7 F REE - RIDING LITERALLY 1994, the town of Cambridge tried to provide a green alternative to the dirtier forms of transitcars, buses, and trains. Cambridge spent $20,000 on 350 green bicycles scattered throughout the city. Anyone could use the bicycle free of charge throughout the day, reducing reliance on other modes of transportation (non-excludable). Users were expected to return bikes to one of 15 stands after use at the end of the day. Within 4 days, not a single bicycle could be found. Presumably the bikes were taken, painted another color, and used privately or sold for cash. The green experiment failed! Why? Because the good in question had intrinsic value that could be captured by an individual. The good was not truly public in nature and entrepreneurs recognized the opportunity to maximize their private wealth and didnt care about social welfare. Literally free riders!

8 U NDER WHAT CONDITIONS IS THE PRIVATE PROVISION OF A PUBLIC GOOD CLOSE TO THE EFFICIENT LEVEL ? 1. Ex: a driveway shared by two homesa mansion and a shack. If one removes snow from driveway then both get the benefits (non-excludable). The mansion owner, with more money, may care enough to pay for the entire cost to have a clean driveway. 2. contributing to the public good because it enhances your welfare and the welfare of others; not simply maximizing your personal utility. Contributions are typically higher when:__________________________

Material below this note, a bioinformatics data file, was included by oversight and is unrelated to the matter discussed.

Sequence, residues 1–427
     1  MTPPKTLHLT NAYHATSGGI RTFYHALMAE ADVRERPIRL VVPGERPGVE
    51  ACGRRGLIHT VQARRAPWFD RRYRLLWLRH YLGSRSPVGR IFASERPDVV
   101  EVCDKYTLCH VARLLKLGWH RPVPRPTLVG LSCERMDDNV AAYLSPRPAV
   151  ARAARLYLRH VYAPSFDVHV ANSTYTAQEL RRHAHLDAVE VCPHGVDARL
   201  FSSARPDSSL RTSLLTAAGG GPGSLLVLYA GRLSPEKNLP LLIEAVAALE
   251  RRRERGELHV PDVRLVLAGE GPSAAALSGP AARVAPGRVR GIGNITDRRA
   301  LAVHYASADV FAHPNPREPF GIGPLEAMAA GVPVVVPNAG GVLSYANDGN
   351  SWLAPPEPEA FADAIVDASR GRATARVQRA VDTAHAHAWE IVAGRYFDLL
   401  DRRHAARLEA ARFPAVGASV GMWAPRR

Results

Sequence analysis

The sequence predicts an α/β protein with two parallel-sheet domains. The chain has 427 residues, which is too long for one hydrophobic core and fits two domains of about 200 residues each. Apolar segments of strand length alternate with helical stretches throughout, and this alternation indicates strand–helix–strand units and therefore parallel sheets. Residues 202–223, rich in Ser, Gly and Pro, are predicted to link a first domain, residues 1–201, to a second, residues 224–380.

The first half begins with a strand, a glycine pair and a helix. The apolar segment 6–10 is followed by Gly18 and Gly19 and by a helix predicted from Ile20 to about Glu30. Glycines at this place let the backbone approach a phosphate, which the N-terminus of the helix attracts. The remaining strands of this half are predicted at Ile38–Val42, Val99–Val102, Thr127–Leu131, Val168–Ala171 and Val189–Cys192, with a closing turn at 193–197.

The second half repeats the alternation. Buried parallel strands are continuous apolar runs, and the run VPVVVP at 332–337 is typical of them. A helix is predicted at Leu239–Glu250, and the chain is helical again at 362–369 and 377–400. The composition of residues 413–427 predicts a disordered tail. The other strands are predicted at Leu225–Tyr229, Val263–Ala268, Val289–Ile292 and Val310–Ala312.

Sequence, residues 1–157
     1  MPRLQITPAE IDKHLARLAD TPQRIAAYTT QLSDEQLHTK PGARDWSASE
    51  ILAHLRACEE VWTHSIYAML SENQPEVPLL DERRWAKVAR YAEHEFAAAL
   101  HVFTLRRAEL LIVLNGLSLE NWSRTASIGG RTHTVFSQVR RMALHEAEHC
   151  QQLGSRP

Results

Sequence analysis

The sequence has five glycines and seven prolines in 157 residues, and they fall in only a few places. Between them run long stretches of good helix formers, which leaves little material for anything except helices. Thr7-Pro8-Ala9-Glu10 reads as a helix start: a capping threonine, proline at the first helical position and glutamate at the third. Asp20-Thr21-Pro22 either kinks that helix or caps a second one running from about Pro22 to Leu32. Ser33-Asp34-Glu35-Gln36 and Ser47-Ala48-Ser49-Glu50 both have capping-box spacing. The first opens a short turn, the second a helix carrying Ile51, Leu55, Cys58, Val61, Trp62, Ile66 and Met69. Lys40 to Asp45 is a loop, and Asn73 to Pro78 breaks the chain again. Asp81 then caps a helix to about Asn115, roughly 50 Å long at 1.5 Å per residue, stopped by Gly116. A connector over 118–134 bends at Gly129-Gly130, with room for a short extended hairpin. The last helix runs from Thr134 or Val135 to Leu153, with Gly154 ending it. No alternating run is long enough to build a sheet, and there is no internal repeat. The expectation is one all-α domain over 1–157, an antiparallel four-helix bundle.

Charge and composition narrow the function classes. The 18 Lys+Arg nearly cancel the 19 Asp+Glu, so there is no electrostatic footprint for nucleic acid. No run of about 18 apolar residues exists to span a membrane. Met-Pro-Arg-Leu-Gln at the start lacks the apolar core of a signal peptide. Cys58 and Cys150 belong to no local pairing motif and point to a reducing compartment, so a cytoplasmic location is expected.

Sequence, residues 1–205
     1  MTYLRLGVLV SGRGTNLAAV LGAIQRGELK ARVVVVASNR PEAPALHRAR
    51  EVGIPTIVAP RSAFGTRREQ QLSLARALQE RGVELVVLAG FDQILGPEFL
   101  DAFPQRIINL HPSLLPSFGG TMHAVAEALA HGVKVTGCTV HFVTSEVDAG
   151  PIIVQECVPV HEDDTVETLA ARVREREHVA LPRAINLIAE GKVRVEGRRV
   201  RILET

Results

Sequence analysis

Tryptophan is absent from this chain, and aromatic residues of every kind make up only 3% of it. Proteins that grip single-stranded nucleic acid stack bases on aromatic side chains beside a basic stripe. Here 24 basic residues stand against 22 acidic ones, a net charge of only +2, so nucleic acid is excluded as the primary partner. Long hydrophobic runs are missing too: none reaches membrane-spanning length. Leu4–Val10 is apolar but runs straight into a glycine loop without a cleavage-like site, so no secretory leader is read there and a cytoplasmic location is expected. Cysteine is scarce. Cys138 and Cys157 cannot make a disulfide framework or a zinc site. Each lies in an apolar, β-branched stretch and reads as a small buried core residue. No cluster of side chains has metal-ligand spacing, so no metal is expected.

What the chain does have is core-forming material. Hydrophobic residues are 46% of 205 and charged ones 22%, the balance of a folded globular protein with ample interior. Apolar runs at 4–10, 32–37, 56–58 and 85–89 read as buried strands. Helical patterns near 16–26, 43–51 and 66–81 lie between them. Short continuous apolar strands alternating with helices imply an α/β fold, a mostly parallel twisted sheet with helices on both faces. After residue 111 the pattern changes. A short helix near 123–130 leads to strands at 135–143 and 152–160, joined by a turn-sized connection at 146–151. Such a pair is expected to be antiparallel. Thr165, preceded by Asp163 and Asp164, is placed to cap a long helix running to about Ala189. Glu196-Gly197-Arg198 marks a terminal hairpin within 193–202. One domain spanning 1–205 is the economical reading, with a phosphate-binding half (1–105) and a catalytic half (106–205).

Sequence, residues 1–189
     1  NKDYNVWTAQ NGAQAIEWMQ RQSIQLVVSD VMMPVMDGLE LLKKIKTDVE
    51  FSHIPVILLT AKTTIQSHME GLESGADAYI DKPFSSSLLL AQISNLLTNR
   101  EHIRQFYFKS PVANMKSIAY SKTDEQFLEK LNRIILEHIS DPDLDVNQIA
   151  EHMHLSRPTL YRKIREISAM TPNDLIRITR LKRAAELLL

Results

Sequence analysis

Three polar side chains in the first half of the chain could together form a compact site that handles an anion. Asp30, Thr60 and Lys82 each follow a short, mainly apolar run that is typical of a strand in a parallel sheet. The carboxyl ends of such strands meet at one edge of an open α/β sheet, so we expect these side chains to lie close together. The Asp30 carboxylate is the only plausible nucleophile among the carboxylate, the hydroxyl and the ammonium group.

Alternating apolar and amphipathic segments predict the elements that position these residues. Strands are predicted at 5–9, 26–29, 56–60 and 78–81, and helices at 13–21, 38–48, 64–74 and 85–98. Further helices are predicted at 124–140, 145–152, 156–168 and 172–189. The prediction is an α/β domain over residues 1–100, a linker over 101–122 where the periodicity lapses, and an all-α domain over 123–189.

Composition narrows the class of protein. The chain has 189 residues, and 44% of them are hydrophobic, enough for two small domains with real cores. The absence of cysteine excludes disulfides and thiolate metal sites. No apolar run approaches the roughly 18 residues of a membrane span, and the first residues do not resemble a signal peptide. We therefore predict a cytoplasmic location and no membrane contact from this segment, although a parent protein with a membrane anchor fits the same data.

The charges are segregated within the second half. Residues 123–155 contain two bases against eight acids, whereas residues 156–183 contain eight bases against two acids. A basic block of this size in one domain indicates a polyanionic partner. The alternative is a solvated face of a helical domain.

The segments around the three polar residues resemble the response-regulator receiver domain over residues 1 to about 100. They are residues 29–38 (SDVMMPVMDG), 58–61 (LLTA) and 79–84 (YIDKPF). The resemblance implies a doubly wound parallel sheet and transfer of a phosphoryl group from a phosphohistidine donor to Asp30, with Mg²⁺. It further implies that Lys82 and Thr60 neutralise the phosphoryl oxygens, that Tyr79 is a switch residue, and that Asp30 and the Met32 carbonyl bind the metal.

9 C ONDITIONS CONTINUED 3.3. o This can be as simple as you feeling a psychological benefit from doing the right thing o Often associated with public acknowledgment of your contribution. o For example, we observe higher contributions when a plaque with names of supporters is displayed.

10 T HE PRIVATIZATION DEBATE Are there situations in which public goods are provided successfully by the private sector? Yes, such examples include: Such examples provide evidence that government intervention is not always the solution giving weight to privatization:

11 P RIVATIZATION EXAMPLES 1. Our court system has a private counterpart 2. _______________________________________: Ex: many BIDs occur in urban areas where sanitation (garbage collection, street sweeping, etc) are provided by the local government. However, due to budget constraints services are not provided at a sufficient level. The business owners pay a private firm to provide these services. They often result in _______________________________(as merchants move out of downtown areas and out to suburbs; BIDs address issues of crime, safety, cleanliness of these areas to attract retail back)

12 BID S CONTINUED o One of the first examples was NYCTimes Square. Local government tried for years to keep area clean and crime free to no avail. In 1992, a BID was formed hiring own sanitation workers, private security, etc. In theory, BIDs should fail due to: Many local communities, in an effort to minimize the free rider problem_________________________________________________ example, in NYC if 60% of the merchants voluntarily participate in BID, then taxes can be levied on all merchants in the BID area to force contributions. In the case of Times Square, 84% voluntarily contributed resulting in a BID with a budget of over $5 million and 120 employees.

13 P RIVATIZATION EXAMPLES CONTINUED 3. From text: Hurricane Katrina destroyed a government owned (car) bridge and a privately owned train bridge. with six months, the privately owned train bridge was fully reconstructed and open for business. within sixteen months, the government bridge was still under construction (only basic pilings –support structurewas completed).